A new year and a blank page: both offer chances to shape the future. I wish health and happiness to everyone who reads this blog, and I also make a resolution: to help you teach and talk about sexuality more honestly, accurately and creatively with young people by offering you information and ideas you can use in your classrooms or homes.
The theme for this first blog of ’09 is teens having babies. It is spurred by the recent Today Show segment on the arrival of Bristol Palin’s much-heralded baby. The segment, titled “Oh, Baby!” and watched by millions, was led by Lester Holt, who interviewed a People.com reporter who covered the birth story. Both seemed to gush unnecessarily about the arrival of the new baby, Tripp, born to a barely 18-year-old unwed teen mom.
Holt made me wince when he agreed with Governor Sarah Palin’s statement that since Bristol is the oldest daughter in the Palin family of five, she had plenty of experience babysitting and was therefore “ready to be Mother.”
To make sure I wasn’t completely off track, I repeated the readiness comment to several colleagues at a holiday party later in the day. These colleagues—who work hard at juggling issues of work and family—looked at me as if I had arrived from Mars. One said “baloney” about the correlation between babysitting and motherhood; the other assured me that babysitting “deterred me from having a baby until I was 32.” Both said something that neither Holt nor the reporter mentioned: Babysitting usually lasts for a specific amount of time; parenting is forever.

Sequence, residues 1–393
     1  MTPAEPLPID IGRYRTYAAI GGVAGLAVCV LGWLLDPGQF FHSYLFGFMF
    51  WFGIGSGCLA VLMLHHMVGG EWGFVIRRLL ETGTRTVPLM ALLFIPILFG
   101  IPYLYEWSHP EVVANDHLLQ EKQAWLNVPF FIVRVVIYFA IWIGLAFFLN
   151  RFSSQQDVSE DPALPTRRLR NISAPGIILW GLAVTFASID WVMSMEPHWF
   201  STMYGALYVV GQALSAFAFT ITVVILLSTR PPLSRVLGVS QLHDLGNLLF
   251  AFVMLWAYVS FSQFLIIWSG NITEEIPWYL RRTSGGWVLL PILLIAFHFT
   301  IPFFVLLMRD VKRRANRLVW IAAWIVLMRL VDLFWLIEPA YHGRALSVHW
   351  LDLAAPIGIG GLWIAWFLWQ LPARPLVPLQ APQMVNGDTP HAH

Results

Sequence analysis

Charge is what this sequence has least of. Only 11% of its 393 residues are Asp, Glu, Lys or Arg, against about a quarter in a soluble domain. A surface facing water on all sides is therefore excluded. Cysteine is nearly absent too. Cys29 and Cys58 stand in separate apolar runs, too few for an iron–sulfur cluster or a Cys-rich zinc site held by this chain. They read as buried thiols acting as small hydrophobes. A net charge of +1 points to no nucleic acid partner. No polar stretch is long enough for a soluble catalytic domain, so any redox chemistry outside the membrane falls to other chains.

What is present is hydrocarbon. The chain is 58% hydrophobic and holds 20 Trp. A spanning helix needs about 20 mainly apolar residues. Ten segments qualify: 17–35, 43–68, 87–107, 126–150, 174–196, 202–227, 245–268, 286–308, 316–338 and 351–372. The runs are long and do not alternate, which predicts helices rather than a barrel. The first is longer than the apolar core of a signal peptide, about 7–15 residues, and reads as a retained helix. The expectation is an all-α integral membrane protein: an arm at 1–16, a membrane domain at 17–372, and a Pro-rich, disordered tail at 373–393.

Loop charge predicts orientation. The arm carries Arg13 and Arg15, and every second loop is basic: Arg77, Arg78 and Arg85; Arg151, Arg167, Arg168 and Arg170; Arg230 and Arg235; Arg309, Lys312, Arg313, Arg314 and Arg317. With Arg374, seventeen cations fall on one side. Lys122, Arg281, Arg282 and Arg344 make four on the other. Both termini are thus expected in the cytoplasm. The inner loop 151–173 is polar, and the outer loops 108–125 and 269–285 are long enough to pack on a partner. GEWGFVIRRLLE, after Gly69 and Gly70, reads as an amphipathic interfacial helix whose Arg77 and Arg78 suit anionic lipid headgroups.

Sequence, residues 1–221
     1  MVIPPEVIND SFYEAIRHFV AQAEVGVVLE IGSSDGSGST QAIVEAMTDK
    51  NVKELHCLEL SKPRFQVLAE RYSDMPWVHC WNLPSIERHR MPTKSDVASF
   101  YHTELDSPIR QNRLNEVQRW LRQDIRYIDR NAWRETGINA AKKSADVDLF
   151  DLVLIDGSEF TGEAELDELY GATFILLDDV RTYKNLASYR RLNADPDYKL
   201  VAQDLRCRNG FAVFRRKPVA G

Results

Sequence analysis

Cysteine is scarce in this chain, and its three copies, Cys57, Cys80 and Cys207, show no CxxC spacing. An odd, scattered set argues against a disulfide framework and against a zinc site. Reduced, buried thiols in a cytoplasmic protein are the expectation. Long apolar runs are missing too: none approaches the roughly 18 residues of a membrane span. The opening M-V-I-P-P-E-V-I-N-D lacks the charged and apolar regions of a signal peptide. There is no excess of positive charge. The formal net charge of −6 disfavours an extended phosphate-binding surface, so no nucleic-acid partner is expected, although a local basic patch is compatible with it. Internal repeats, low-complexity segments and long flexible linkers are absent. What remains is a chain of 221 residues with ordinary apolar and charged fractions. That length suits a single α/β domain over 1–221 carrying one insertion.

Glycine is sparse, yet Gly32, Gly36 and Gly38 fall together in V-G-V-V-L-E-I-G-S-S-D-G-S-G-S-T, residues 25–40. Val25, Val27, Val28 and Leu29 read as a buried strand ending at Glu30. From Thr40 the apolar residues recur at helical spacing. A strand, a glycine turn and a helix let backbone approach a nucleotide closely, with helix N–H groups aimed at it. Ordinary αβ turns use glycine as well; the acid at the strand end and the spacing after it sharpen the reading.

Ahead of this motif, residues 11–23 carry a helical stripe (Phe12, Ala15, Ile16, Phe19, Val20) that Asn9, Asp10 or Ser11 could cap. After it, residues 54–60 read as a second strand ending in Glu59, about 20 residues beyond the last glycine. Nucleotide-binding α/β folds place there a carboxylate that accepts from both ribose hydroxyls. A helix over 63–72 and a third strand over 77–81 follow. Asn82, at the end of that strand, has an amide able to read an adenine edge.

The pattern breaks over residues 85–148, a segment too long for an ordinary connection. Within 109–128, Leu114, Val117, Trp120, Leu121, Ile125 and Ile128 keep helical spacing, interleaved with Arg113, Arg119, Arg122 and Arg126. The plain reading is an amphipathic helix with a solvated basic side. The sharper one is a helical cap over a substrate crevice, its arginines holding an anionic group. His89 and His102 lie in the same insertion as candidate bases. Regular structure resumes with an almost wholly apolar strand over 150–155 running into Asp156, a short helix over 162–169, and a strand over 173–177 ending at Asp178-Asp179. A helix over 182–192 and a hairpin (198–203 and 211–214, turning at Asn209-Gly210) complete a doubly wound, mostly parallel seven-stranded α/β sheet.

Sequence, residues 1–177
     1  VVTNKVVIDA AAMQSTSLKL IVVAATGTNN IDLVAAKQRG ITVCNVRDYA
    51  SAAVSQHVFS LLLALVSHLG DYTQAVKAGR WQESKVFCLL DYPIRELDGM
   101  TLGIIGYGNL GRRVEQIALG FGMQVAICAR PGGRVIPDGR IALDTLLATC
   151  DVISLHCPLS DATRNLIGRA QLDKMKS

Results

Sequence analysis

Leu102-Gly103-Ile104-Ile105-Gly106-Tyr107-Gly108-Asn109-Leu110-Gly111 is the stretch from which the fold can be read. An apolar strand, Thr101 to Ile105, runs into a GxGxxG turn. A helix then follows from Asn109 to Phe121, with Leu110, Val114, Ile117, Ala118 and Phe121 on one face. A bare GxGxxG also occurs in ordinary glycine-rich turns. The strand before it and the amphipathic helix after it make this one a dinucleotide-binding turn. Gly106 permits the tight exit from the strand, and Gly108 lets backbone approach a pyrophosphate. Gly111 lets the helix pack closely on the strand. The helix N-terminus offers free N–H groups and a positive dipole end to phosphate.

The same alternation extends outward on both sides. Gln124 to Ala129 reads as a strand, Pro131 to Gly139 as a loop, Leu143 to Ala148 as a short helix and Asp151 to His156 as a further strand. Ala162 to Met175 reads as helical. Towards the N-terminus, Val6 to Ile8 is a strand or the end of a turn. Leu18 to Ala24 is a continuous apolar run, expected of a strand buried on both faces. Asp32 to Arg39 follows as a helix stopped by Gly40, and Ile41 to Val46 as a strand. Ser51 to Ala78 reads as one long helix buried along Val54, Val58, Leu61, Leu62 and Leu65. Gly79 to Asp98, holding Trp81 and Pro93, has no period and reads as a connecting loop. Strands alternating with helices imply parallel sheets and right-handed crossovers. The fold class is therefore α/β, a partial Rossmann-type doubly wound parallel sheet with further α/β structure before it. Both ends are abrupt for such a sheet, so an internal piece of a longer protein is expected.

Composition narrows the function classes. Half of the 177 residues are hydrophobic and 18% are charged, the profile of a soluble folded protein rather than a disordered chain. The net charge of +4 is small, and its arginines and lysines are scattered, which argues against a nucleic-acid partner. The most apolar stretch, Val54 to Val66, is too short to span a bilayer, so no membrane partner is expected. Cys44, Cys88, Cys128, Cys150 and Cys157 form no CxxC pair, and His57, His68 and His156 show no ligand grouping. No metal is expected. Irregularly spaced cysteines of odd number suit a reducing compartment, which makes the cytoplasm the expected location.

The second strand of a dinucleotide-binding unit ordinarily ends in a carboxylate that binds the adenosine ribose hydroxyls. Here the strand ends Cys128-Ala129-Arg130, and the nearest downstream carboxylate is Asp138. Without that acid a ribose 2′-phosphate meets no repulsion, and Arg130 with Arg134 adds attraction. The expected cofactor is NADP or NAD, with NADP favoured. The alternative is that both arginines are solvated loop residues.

What message is the media conveying to impressionable and often vulnerable teens with this segment’s romantic, sentimental approach to teen motherhood? Is the media telling them, “Go ahead; have unprotected sex, have a baby and everything is going to come up roses for you”? (Yes, I know some might be thinking: Doesn’t she know that Jesus Christ, Barack Obama, and countless other people were children born to teen mothers? They turned out pretty well!)